Kalamkari is a word that runs through the history of Indian Textiles from the beginnings as a simple folkcraft through both great and bad times down to its revival today. Kalam comes from the Persian language and means `pen' and Kari means `work'. Actually the name came into being with the Muslim influences coming into India, although the technique and practice is far older than that.
The beginnings of Kalamkari probably rest in South India and grew out of the need to illustrate some of the temple rituals. The temples commissioned large religious themed cloths. It is also true that with the advent of carbon dating, we are continually finding evidence of very old Indian textiles excavated in places like Fostat in Egypt, and Mohenjodaro and Harappa now in Pakistan. A number of heirloom cloths, which are quite old, have been discovered in Indonesia. A good number of these cloths came from the west of India, from Gujarat and Surat. Many of the cloths were block printed, some were painted cloths and there is also some evidence of Kalamkari as we know it.
There are a number of scholars who are continually expanding our knowledge on this subject and this brings more light on the subject each year. Many of them are represented in the bibliography.
Some of the Pichhwais (Cloth back Drops of Shrines) of Rajasthan and Gujarat are Kalamkari. Basically these are painted cloths used as decorations for the shrines of Krishna in his appearance as Srinathji in Rajasthan. They are of a wide range of techniques depending upon where they are made.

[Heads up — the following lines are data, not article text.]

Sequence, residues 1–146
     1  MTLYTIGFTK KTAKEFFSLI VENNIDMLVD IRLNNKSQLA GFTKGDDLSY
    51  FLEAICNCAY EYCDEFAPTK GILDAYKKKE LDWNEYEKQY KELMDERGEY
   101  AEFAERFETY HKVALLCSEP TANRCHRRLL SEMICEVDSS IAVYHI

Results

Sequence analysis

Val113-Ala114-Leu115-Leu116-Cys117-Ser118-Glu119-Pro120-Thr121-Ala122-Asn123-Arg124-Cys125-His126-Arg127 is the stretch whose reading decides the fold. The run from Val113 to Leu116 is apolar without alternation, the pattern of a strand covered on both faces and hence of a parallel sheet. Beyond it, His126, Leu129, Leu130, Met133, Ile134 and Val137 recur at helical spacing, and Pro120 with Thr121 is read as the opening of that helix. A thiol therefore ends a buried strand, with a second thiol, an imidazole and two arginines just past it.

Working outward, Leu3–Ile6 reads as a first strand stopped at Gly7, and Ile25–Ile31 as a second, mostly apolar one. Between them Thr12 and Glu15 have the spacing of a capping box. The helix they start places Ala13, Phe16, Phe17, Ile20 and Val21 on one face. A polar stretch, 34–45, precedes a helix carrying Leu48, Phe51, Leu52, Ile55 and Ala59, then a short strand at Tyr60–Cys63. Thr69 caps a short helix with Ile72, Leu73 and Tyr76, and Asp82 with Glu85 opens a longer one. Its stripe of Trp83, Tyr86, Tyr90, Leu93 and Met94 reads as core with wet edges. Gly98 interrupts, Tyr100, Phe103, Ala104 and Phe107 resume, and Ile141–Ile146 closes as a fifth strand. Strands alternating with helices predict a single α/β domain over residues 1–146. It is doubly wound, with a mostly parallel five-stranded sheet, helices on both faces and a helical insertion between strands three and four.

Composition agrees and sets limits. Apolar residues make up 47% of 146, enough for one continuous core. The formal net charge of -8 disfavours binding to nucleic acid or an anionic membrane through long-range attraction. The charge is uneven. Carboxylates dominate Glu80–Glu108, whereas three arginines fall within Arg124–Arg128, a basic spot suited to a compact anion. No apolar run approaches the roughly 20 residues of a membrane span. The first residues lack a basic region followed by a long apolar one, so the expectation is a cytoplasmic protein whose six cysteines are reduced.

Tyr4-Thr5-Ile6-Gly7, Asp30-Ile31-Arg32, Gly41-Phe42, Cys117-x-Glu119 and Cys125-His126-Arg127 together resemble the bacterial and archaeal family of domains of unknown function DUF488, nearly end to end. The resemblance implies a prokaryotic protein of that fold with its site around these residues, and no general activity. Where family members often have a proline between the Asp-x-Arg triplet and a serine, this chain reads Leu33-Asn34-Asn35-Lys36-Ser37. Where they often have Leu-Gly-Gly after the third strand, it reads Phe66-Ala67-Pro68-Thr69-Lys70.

There was another variation worth noting in the region of Thanjavur where the family of the ruler or Raja wore Kalamkari that was executed on cloth having a woven golden brocade motif. This type is known as `Karrupur' but has since disappeared.
Basically Kalamkari is a product of the southeast coast, which the Europeans call the Coromandel Coast; ultimately centered in Sri Kalahasti and Masulipatnam and each place producing quite different results. Most of our knowledge of Kalamkari really dates from 16th and 17th century, although a few examples that predate this have been found. A good deal of this has to do with historical events in India. The temples were no longer commissioning temple cloths and Kalamkari came to the notice of the Portugese who called it `Pintado', the Dutch called it `sitz' and the English called it `Chintz'. Ultimately `Chintz' won out as a term.